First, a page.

The other day, I went on a date.
The first date in a long time, longer than I care to mention. The guy and I met on a dating app at the beginning of the week, and he was really nice. He has a job that he likes, has his own place, thought I was beautiful, yadda yadda yadda. We would text and conversations would fall short because he would end up calling me gorgeous or sexy and I would sort of just giggle and say thank you. I thought, “Maybe he translates better in person. Let me give the nice guy for a chance once in awhile.”
Fast forward to yesterday, the time is 6:50 PM. I drive on down to our designated meeting spot, a Starbucks halfway between where we both live. I was nervous because like I said, I hadn’t been on a date in so long, not to mention in a relationship, so I wasn’t really sure how to act. All I knew is that I looked great and I’m a dynamic individual with a lot to say, so I threw myself into the ring.
He was a very nice guy, honestly he was. He bought my drink for me, and was very courteous and respectful. Nothing was necessarily wrong with him, I just didn’t like him. It wasn’t a bad date per-se, he just was tooeager. He was too smiley, he looked like he tried a little too hard, he was too into me. Plus, the only thing we had in common was the socks we were wearing. He still spent time with all his friends from high school; I probably still only talk to three of mine. He plays sports and watches them with his buddies on Sundays; I go to art exhibits, concerts, and night clubs. He was raised on Guns ‘N’ Roses and AC/DC; I grew up with Jagged Edge and Boyz II Men. We’re in different stages of our lives, and he didn’t seem like the type of guy who could keep up with my unpredictable schedule. I feel he thought it was going really well but honestly I was really bored. I talked a lot about interesting stuff and I would ask interesting questions and he would just respond so dully. The man hasn’t lived, and from what I could tell of his body language, he thought maybe I could be the person to get him to start.
After the date, he suggested we go on an adventure. My ears perked, thinking, “Hey, maybe this guy isn’t as lame as I thought.” When we were texting, he brought up how we could go on adventures, which I was excited about, and I brought a jacket and an extra hoodie in my car in case such an occasion should arise. He also said in his profile bio that he enjoyed adventures, which was one of the things that piqued my interest. Following the suggestion, he said, “I’m feeling a movie.” (I’m sorry but how did you go from adventure to movie? Going to a movie is not an adventure, it’s going to a movie.) I tried to be helpful by looking up some movie times while he visited the restroom, thinking we could just chill out and maybe that way I wouldn’t have to force so much of a conversation on him. (That, and maybe I could get a free movie out of this guy that I could write a review on, to be quite honest.) When he came back, I told him the recent movies available and he wasn’t gravitating towards any of them, so he hit me with the most formal, sheepish Netflix-and-Chill plea I’ve ever heard in my life.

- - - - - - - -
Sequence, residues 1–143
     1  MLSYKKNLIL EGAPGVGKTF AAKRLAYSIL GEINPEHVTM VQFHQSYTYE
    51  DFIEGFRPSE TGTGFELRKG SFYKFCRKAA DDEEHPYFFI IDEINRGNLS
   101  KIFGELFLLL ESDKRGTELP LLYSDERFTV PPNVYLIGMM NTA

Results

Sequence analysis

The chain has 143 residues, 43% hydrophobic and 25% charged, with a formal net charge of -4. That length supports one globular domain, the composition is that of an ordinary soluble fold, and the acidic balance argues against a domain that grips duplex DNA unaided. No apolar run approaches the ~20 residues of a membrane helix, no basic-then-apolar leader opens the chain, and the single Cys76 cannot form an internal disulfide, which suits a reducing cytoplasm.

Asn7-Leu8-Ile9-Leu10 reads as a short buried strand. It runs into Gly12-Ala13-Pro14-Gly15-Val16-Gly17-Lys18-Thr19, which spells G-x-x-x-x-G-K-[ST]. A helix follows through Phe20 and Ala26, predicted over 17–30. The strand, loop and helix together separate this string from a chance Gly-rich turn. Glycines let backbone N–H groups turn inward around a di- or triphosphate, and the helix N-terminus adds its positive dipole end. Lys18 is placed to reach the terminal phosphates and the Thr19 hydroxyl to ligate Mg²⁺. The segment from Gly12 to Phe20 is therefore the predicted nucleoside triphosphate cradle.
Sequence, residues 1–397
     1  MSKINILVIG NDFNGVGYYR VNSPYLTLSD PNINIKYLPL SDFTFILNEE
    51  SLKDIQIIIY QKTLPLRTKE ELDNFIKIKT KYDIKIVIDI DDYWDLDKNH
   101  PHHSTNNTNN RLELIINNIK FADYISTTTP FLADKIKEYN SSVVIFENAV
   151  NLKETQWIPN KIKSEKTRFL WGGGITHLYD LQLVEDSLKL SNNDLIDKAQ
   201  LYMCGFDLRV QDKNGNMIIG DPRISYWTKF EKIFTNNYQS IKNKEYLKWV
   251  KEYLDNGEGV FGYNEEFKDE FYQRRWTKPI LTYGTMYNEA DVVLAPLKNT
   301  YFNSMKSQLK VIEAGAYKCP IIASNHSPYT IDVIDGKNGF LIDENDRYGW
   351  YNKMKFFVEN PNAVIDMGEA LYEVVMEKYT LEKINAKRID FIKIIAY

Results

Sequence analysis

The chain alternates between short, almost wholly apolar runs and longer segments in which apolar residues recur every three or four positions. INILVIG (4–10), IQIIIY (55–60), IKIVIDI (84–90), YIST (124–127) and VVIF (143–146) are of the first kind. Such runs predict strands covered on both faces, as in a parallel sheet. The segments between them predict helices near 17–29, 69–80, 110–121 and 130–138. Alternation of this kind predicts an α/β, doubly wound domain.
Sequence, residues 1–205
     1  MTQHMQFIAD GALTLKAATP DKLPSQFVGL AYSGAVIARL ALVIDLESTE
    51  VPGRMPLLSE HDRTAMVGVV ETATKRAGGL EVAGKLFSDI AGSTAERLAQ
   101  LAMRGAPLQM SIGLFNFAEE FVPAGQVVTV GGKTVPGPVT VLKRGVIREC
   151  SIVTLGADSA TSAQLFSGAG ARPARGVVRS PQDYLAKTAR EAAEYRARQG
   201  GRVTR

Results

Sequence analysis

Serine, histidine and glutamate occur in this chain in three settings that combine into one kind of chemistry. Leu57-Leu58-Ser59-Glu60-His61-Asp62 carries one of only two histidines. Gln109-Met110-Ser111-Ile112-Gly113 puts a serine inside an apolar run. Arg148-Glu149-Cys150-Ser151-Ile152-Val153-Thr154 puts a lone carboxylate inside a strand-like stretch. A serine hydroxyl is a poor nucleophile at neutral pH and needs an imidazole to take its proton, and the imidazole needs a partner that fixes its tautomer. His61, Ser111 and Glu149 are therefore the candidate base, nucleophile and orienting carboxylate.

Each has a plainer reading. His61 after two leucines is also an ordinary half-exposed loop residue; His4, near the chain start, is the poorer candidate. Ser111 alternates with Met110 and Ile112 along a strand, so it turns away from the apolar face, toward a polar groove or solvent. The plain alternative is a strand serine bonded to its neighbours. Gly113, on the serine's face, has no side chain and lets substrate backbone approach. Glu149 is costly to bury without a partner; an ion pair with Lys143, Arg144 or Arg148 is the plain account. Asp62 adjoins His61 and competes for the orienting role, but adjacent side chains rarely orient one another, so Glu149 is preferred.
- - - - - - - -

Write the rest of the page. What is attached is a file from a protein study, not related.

“I don’t know if this is too forward, but.. M-maybe we could go to my place? I have movies there.”
“…What do you have?”
“Well I have a great cable package where I get, like, every movie channel ever. And I have Netflix, but only on my laptop.”
Mind you, it’s almost 9 PM. In my book, that’s the dicking hour. I then straight up told him that I’m not really interested in that alternative “adventure,” and I would really just like to call it a night because I had a breast cancer walk to be at the following morning, which I did. (I don’t often lie to people, even if I don’t like them or care for them, but I feel like he thought it was a lie, which honestly isn’t my problem.) Before I left, I used the restroom just to give myself the once over, and walking out, I could tell he was self conscious after my reaction. He said, “I’m sorry if that suggestion was too forward,” keeping up the faithful nice guy behavior. I told him the again about the walk, how early it was and how I really needed to go home, so we hugged and I told him I’d “see him later.” (Poor choice in words on my part, because I had no intention on seeing him later.) When he hugged me, he hesitated and I could tell he wanted to kiss me, but that clearly wasn’t going to happen, and on my way home I felt kind of bad but also was overwhelmed with vast indifference.